Today is my 45th birthday, and it recently dawned on me that I’m one of those people who still gets excited when it’s my birthday. In fact, I’m throwing a little party for myself and decided to leave off the “no gifts, please” line that I used to include with my invitations. Yes, this year, I want presents. Lots and lots of presents.
Still, despite my excitement and genuine glee at continuing the journey through my forties, I’ve found myself a bit shocked by this new number in my life. I’ve never been one to dwell in the past or look to the future. I’m quite Zen, actually, rooting myself pretty firmly in the here and now. And with no children to measure the passing of years against, time has been pretty irrelevant to me.
So when it was brought to my attention that my next milestone birthday is 50, it dawned on me that time—specifically my time—really does fly by all too quickly. How is it possible that while I’ve been paying so much attention to the details of my life, I haven’t given much thought to the progression of my life?
I’m not saying that any of this is a bad thing. It’s just surprising. The truth is that I feel happier, and more enthusiastic, energized and adventurous as a 45-year old woman than I ever did in my teens, 20s or 30s. I feel liberated; free from the illusions that previously kept me from becoming the me that I am today.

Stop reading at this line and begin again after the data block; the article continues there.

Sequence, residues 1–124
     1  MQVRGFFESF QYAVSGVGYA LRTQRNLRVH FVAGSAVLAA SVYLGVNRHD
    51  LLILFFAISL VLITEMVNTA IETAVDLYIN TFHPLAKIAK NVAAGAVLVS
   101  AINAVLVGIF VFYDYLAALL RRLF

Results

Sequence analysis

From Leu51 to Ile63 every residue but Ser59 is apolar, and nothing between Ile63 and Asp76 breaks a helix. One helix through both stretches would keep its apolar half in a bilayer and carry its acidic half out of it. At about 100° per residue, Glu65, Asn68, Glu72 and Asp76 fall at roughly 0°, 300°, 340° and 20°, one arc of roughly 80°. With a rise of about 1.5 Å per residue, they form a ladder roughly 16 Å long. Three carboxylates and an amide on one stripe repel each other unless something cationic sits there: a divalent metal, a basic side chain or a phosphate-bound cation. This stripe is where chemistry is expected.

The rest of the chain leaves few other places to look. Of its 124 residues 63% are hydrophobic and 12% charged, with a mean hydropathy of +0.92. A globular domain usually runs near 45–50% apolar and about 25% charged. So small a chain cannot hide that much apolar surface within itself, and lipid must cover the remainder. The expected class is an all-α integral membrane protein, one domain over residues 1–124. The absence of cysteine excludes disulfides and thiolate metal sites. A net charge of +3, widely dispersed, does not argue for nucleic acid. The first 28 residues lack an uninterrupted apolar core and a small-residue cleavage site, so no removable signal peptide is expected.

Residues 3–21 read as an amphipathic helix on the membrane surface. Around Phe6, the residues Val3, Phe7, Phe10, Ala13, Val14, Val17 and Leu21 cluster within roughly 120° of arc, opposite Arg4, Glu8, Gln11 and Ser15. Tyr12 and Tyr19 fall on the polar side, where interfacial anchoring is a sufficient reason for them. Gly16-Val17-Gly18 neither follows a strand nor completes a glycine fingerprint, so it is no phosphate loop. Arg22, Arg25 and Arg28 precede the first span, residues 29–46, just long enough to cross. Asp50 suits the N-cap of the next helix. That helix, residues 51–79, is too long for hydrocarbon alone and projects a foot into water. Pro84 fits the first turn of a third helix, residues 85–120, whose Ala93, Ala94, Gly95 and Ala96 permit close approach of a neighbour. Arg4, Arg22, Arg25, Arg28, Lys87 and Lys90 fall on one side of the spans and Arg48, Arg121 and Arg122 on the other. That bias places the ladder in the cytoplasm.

Of course, it helps that I’m hitting this milestone in 2010 and not, for instance, in 1990. That’s when there would be a significant difference between being a 45-year old woman in the U.S. and being a 45-year old woman in Paris. In 1990, I would become invisible—to American men and marketers.
Fortunately, we 40-something women are now seen as sexy on both sides of the Atlantic. The French no longer have the distinction of being the only ones to still objectify older women. Thanks to the likes of Michelle Pfeifer, Sandra Bullock, Jennifer Aniston, Nicole Kidman, Julianne Moore, Demi Moore, Halle Berry, Salma Hayek, Monica Belluci, Juliet Binoche and Julia Roberts—all actresses over 40—we middle-aged gals are still seen as “do-able.”
Still, I’m far more likely to find a Frenchman flirting with me than an American fella. In fact, I’m not quite sure that American men still flirt. A few weeks ago, while at a bar on South Beach, I saw a very handsome man looking at me with a smile. After a few minutes of shared glances and more smiles, this man walked over to me, leaned in close and whispered in my ear, “Sweetie, I don’t know if you’ve noticed, but you’re wearing two different shoes.” He began to walk away, but before he got very far, he turned and added, “But they’re both fabulous.”